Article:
25 minutes after leaving the hut, we were at the base of the route through the trees on the western side of this gully. The spur and the route itself becomes more obvious after a little roaming around at the lower end and then following a bearing to the south for a few minutes. In our case, Paul went up front and scrambled through the bush to help find it, since he was vaguely familiar with it having been there before. After this, getting up was fairly straightforward with the exception of a little bush lawyer. Several unofficial markers are tied to trees near the top end of the track, although they’d probably be more useful for finding the top of the spur on the way down.
We cleared the trees shortly before 9am, and immediately some great views opened up towards Ruapehu and Ngauruhoe. We also had a better view towards Middle Range, where we’d been hoping to go. Unfortunately it looked very clagged in, and was probably sheltering us from some bad weather. By 9.30am we’d reached point 1475, and assessed our options. The first of these options was to try Thunderbolt, along Middle Range, but that no longer seemed as inviting considering what we could see. There were also a couple of other nearby ridges, however. One of them was an un-named ridge (actually more of a spur) that heads almost directly west, but slightly south, of 1475, and would have been a good option if we’d wanted to get down to the river quickly without heading straight back to where we’d come from. The other ridge, named Te Hiwiokaituri Ridge, heads south-west on the inside of Middle Range, and this one seemed much more interesting.
So we continued a little further south towards point 1506, taking absolute care to circumvent the outside of the imaginary boundary of private land, which shaved the wide-ish ridge that we needed to cross. Point 1506 was reached at about 10.10am, and from there it was a walk roughly south-west over the tops for several kilometres towards point 1600. The wind even died down along this section, which I think might have been related to the sheltering positioning of Middle Range in the distance, although I’m no expert on such things.
All the way along Te Hiwiokaituri Ridge, we had fantastic views of Ruapehu and Ngauruhoe, walking generally towards them for the entire time. We sheltered on the north-western side of the ridge 40 minutes after leaving point 1506, somewhere below quite a long saddle, roughly at grid reference 636232 and stopped for brunch. The pace was still quite relaxed given that the weather felt reasonable. Brunch lasted about 20 minutes, during which time I played with taking bearings on things and identified parts of the river below.
Point 1600 was quite a climb from the lower part of the ridge, and as we approached it, it almost looked feasible to try sidling it. John felt quite strongly about such things, however, and insisted that because the name of the club was the Wellington Tramping and Mountaineering Club, we should definitely go to the top. And he was correct about the name. If anyone had even proposed changing the name to the Wellington Tramping and Sidling Club, let alone voted in the change at a recent AGM, then one of us would probably have known about it. As it turned out, the discussion was redundant. Having walked another hundred metres or so it became clear that the side completely dropped off and sidling would have been very difficult if even possible.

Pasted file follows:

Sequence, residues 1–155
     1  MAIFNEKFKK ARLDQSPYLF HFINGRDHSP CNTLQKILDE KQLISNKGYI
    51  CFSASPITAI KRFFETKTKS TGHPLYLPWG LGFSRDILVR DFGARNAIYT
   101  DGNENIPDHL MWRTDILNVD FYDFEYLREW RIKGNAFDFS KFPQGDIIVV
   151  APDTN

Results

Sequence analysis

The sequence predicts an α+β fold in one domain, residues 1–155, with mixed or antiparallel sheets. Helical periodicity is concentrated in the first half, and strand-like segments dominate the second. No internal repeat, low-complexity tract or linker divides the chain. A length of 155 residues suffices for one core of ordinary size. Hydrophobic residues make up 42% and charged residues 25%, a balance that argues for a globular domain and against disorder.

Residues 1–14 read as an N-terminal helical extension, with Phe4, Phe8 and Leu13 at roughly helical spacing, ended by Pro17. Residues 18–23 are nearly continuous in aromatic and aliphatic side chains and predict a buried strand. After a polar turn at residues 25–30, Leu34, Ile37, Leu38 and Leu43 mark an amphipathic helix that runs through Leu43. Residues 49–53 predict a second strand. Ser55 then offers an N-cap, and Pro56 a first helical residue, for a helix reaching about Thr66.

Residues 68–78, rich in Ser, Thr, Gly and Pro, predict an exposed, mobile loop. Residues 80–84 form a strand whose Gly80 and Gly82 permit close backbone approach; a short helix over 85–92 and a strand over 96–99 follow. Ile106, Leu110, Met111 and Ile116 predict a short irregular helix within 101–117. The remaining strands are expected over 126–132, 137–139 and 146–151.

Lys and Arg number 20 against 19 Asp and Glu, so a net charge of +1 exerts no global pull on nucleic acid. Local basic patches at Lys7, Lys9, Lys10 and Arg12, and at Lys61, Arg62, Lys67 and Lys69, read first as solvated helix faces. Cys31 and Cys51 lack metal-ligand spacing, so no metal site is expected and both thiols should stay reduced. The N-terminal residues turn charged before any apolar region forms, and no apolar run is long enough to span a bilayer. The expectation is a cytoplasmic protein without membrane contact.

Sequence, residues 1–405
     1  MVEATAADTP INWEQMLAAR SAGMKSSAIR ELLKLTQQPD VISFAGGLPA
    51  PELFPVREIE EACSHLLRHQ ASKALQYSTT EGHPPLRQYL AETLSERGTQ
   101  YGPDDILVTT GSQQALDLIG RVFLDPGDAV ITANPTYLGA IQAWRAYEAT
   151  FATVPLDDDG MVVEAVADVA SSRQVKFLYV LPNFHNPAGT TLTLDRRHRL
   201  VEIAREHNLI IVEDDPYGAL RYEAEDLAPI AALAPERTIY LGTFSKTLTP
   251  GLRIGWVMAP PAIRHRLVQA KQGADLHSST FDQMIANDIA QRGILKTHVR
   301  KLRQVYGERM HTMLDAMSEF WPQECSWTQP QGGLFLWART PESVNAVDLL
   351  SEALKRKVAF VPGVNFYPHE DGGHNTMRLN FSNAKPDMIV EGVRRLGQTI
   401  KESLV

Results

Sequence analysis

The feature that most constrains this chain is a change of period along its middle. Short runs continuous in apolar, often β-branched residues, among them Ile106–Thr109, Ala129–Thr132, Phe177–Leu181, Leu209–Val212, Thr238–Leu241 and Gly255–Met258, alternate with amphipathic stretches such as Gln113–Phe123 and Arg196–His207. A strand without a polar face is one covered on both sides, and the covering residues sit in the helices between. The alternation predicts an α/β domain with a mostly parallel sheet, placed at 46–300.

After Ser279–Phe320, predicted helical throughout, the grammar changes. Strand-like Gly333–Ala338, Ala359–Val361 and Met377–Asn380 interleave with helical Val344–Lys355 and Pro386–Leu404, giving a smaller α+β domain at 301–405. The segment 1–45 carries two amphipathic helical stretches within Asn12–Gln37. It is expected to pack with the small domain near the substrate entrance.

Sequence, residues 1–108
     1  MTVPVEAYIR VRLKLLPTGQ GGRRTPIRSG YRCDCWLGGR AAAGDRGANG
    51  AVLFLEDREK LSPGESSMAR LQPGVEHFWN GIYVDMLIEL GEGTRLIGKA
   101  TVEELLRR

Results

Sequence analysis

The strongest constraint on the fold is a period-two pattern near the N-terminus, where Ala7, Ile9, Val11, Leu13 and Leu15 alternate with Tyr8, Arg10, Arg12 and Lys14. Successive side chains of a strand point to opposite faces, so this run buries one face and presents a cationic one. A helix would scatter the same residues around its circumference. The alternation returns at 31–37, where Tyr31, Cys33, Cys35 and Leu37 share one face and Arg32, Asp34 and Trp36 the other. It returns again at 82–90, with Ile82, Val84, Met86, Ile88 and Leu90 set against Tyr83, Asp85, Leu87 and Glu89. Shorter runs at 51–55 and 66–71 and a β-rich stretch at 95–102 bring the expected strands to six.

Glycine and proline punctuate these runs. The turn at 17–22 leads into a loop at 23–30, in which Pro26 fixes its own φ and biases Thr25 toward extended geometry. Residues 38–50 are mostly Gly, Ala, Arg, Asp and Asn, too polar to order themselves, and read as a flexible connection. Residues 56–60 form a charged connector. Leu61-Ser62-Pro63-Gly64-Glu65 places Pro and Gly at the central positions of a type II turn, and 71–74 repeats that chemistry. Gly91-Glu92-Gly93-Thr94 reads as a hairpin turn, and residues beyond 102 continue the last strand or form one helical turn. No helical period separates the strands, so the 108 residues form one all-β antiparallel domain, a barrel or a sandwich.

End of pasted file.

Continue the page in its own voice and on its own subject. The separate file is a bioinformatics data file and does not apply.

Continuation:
Point 1600 was reached at about 11.45am, and standing on top of it allowed us to have a very nice view of the entire surrounding area, including where we’d come from and where we were going. We sat around and surveyed things for about 25 minutes before beginning our drop down the spur on the north-western side, towards the river.
The initial parts of this descent are quite steep, and although the presence of quite a lot of scree makes things easier, Mike and I got into a discussion towards the back of the group about how neither of us really like some of the situations in tramping where there’s not much room for making mistakes. The discussion stopped abrubtly a minute later, when we realised that the track sidled around a wide pinnacle-like structure (point 1490 on the map), with a steep drop-off to the rocks below on either side. This was definitely one of those awkward situations in which a small mistake could result in a serious injury. Everyone else had already gone around to the other side by the time we reached it, and after some surveying we decided that the right-hand side (to the north) would be preferable for sidling, despite the most obvious track heading around the other side. This had something to do with the sharper and further drop-off to the south. In hindsight, I think I would have preferred the southern side, because the northern route required a small amount of climbing without good hand-holds, and for which I wasn’t very prepared. We got there, though, and Craig was waiting for us on the other side.
By now it was about 12.20pm and John, Paul and Ruth had already raced ahead along the spur. We could see them heading over the top of the ridge in the distance, even though it looked as of the most heavily used track was heading along the southern side of the spur and quite a long way down the side from the ridge-line. After following this track for some distance, we eventually decided we‘d be better off getting up to the top, just in case the paths diverged or we walked past them. It was just as well because shortly before 1pm, we found the three of them having stopped in a rather steep (but very stable and scenic) area along the top for lunch. John boiled some water in his billy for a brew, grumbling about the current state of tramping when Mike and I didn’t want any. We sat down for lunch and a rest at about 12.45pm, while Craig and John embarked on a conversation all about bicycle shops, and the problems they’d experienced with getting bikes repaired.